On our Christmas Day Walk, which I wrote a bit about earlier, we hiked a section of the Bruce Trail that ends up following a beautiful tumbling stream down a ravine. In fact, there are two streams, which come together near the bottom of a long slope, and with the streams, two waterfalls.
The upper waterfall is quite striking. Pouring over the upper Amabel Dolomite cliff, the stream emerges beneath a chalet, and then tumbles down the slope over ledges of bedrock. At any other season it would be partially hidden (and the chalet would not be allowed under today's tighter planning rules).
I always think it's a remarkable series of bedrock ledges that forms the waterfall.
It levels out somewhat, and starts carving a deeper ravine through the shale, the next layer of bedrock - while still tumbling over some stepping-stone ledges. The adventurous, energetic five-year old with us had to be watched pretty closely here!
Its course downstream is interrupted by another geological layer, the Manitoulin Formation, that creates the second waterfall, almost entirely covered in moss. I like this photo, which I managed on shutter-priority, for a 1/3 second exposure at 100 ISO, but just hand held.
The trail twists around, goes back uphill a minute, and then crosses the smaller stream on a series of stepping stones. Then it follows the steep slope downhill on the slopes of the ravine formed by this stream.
At this point both streams are carving through the Queenston Shale Formation, leaving these typical steep slopes.
With more bedrock ledges forming steps for the stream.
Near the bottom the streams join, and the trail follows along above them on the slope. Trying hard here for one of those 'slow' water shots.
We crossed the stream on a bridge, and followed it further til the trail turned uphill and out to a small parking lot. The stream tumbles further down the lower slopes until it joins the Beaver River. It was a great hike with my son, my son-in-law, and our 5 year old grandson.
It was the big storm that never amounted to much here! We sat in the evening listening to the ice pellets bounce off the windows for several hours, while the wind howled around the cabin, seemingly coming from all sides. At any moment I thought a branch will break somewhere, and the lights will go out. But they didn't, and I didn't read of any major outages in the news this morning. There were lots of fender-benders in Toronto of course, but that's more about stupid drivers than the weather! We only got an inch or two of icy snow.
Here the temperature rose to above freezing, and the slippery layer of ice on the deck and the car (I forgot to put it in the garage...) this morning melted away. I waited for a break in the rain before walking the dog, and managed a good hour walking through to the farm next door. I'm walking there a lot these days; tomorrow I'll share some pictures of their amazing stone fences. But I did find out that crunching through 2 inches of semi-frozen slush makes for hard work. I could have worn my lighter fall jacket. My coat stayed open, and my gloves came off half-way. But we got in our hour of cardio.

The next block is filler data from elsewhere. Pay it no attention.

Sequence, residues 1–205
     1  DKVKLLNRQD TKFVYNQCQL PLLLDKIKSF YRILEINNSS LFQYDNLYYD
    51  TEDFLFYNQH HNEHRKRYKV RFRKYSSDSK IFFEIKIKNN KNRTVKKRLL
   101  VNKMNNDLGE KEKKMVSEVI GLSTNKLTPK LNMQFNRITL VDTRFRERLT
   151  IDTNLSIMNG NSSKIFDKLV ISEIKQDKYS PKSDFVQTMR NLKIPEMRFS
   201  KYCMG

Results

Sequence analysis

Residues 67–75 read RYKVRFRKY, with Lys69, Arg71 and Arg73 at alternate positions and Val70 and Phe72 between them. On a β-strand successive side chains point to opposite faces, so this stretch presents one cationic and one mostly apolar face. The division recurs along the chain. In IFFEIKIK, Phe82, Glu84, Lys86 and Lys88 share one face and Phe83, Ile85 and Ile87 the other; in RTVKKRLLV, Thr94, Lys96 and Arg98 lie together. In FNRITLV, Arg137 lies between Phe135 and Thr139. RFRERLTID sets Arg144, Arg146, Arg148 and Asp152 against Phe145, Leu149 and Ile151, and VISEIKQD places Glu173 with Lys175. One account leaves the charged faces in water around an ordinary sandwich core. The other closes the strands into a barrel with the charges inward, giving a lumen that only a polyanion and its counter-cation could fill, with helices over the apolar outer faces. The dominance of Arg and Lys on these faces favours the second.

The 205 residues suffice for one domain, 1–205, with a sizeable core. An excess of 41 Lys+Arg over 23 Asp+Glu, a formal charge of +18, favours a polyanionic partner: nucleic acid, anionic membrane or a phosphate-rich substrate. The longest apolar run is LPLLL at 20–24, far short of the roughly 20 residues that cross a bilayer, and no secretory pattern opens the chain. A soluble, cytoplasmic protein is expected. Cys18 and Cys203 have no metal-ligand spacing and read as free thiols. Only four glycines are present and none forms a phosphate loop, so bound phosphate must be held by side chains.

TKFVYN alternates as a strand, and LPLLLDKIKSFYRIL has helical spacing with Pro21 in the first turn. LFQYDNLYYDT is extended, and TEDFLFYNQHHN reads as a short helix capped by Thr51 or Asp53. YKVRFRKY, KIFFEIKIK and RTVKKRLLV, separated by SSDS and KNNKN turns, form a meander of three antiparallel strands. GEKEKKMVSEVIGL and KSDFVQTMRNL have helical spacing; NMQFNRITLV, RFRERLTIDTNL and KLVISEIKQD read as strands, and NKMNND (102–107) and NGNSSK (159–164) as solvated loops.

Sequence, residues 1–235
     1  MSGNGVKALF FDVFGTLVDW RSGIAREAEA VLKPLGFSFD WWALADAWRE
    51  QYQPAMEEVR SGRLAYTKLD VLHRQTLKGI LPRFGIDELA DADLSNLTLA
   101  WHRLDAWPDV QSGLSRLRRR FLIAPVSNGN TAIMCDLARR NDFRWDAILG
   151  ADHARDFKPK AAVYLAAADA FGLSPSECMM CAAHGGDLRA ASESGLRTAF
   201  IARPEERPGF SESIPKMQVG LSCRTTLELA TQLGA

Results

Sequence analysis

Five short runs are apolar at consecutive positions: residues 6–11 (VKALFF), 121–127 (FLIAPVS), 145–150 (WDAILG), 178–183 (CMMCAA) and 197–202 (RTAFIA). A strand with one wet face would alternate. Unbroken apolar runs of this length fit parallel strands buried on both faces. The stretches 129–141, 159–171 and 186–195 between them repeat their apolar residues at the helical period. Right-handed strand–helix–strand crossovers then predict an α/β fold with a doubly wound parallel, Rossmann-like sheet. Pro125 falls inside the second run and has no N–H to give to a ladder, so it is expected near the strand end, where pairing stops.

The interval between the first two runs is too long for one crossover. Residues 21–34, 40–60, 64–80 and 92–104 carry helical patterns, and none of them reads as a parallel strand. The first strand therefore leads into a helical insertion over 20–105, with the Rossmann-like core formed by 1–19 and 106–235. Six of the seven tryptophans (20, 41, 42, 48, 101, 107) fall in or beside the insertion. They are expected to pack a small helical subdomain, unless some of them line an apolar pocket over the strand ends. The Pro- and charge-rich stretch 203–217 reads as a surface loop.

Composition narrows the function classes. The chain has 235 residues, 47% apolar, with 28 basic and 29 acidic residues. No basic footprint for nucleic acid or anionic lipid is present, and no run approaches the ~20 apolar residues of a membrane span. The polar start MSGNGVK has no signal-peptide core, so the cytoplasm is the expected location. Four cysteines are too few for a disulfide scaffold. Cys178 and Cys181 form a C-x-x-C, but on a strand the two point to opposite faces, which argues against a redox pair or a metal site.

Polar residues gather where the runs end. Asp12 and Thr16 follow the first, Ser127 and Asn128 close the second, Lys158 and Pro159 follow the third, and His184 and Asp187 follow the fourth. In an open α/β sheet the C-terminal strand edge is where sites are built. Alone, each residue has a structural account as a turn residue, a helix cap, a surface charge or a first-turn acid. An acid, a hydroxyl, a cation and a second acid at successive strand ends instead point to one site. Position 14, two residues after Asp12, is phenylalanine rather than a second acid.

Good for you making that walk. And relief that you escaped the worst of the storm! Lovely waterfall. :-)ReplyDelete
It's interesting how much you know about the rock formations and the landscape there. The waterfall image with the the moss is really gorgeous.ReplyDelete
I really enjoy a good storm, just like you described where no one gets hurt and there is no property damage. Just a good ole' storm with howling wind!!
Great job on the walk.ReplyDelete
Lovely streams and waterfalls. Good for you for trying a long exposure!ReplyDelete
I had a dream about crossing a stream last night. I could the water was tumbling past. Maybe that means I'll be near a stream soon. - MargyReplyDelete
A slice of heaven. I would be happy to walk this trail.ReplyDelete
Lovely show shutter photos, and those steps in the waterfall, what an amazing feature.Keep warm and safe on any road you travel.ReplyDelete
I enjoyed this virtual stroll FG. Fascinating area along this escarpment ... I enjoy all of the areas I have hiked and explored. This week, we're up at the cottage in Tobermory with more snow dropped over night and through the day on Monday than you got.ReplyDelete
It is a pretty stream!ReplyDelete
Love the waterfalls! Just needed a video to hear the water, but I can imagine. Have a happy 2016ReplyDelete
Wish I had a portion of your energy. This would be so much fun, but cannot handle anymore.ReplyDelete
It's good to be out walking even thought it can be difficult through icy slush! Dogs are great because they encourage you to go out.ReplyDelete
Just caught up with your last three posts. I was thinking of you over Christmas, imagining how difficult it must be, without Will. The memorial bench is incredibly heartful (the only word that sort of speaks my thoughts). The various crystal photographs are magnificent and I especially loved the iron sun outlined so perfectly. Your "slow" shots of the waterfall worked really well, and as always, I felt like I had to come back and absorb a bit more of your store of knowledge. I feel like you understand every nook and cranny of that waterfall - and of course, you do. Wonderful gift to all of us - this blog. Many thanks! Wishing you and your loved ones peace, good health, love and laughter amid what I know is still a terrible heartache.ReplyDelete
Beautiful early winter scenes and water course. And I learned some new geology words as well.... Happy New Year to you and yours in Ontario from Minnesota's Karst covered Bluff Country. :)ReplyDelete
Lovely, what a beautiful spotReplyDelete
The waterfalls are beautiful. I love the sound of running water.ReplyDelete